On 14 December 1967, Arthur Kornberg at Stanford University and colleagues announced that they had copied the DNA of the Phi X174 virus, producing an entity with the same infectivity as the wild virus. Though the DNA sequence in question was not known, Kornberg hoped the achievement would aid studies of genetics and the search for cures for diseases, and reveal the most basic processes of life itself. President Lyndon B. Johnson cited Kornberg's claim to have come the "closest yet" to creating life and hailed it as "a very spectacular breakthrough".
In 2003 we were able to go a step further, using DNA made from a sequence in a computer rather than a copy made by an enzyme. By 2008 we could synthesise a small bacterial chromosome over 20 times as big as that of Phi X174, though we were unable to activate it in a cell. With our publication in Science last week, we have now achieved this step with the 1.08-million-base-pair genome of Mycoplasma mycoides (see "Synthetic Life: Where Next?").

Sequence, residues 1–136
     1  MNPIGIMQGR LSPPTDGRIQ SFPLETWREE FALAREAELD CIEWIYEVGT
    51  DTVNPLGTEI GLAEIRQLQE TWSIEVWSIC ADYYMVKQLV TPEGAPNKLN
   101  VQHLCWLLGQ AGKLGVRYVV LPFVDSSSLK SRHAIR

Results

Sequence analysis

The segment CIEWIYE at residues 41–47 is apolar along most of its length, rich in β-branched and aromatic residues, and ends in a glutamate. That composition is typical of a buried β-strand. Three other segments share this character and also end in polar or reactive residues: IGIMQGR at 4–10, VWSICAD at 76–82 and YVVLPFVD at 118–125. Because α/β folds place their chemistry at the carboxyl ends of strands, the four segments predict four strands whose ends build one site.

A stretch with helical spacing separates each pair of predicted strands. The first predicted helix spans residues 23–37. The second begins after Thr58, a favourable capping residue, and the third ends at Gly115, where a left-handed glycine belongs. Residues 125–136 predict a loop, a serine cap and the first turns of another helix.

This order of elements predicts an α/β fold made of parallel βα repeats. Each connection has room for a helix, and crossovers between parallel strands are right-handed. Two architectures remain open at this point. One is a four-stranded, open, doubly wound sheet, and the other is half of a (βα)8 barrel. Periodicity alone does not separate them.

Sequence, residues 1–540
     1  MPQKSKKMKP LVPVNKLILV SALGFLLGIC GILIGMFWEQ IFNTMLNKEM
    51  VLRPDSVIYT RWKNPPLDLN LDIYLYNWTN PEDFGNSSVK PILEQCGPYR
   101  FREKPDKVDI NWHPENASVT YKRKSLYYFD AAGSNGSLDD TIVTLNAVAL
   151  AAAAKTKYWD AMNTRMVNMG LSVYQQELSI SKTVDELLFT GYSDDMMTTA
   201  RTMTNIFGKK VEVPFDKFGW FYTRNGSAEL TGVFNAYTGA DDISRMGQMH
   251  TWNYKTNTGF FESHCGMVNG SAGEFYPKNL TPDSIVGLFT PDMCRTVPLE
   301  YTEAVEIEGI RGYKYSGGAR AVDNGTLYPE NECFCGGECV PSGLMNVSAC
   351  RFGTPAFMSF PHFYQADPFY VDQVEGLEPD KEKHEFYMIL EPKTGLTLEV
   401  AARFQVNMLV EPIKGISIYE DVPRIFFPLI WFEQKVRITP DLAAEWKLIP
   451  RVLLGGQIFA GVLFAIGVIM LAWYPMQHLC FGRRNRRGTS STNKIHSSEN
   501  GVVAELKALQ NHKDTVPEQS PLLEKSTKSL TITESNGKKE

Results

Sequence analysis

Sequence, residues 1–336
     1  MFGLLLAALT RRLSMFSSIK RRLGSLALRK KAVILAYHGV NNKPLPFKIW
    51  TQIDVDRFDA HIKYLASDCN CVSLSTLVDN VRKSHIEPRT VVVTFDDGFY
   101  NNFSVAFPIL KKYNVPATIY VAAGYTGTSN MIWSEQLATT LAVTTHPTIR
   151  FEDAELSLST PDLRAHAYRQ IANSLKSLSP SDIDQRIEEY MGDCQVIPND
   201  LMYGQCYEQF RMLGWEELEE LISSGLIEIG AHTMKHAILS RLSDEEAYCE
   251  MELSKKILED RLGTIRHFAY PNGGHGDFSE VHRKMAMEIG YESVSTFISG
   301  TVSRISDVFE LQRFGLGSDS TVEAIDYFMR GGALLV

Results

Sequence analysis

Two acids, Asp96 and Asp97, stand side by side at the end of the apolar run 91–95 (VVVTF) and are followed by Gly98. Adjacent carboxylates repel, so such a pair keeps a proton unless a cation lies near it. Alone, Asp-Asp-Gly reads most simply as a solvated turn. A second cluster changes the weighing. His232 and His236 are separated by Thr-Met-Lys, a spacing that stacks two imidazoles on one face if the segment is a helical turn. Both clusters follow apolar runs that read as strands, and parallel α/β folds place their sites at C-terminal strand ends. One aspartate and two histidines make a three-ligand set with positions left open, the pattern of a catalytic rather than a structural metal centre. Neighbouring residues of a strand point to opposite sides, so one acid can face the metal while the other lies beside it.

We did not create life from scratch: we transformed existing life into new life. Nor did we design and build a new chromosome from scratch. Rather, using only digitised information, we synthesised a modified version, a copy of the M. mycoides genome with 14 of its genes deleted and a "watermark" written in another 5000-plus base pairs. The result is not an "artificial" life form; it is a living, self-replicating cell that most microbiologists would find hard to distinguish from the progenitor cell, unless they sequenced its DNA.
From New Scientist
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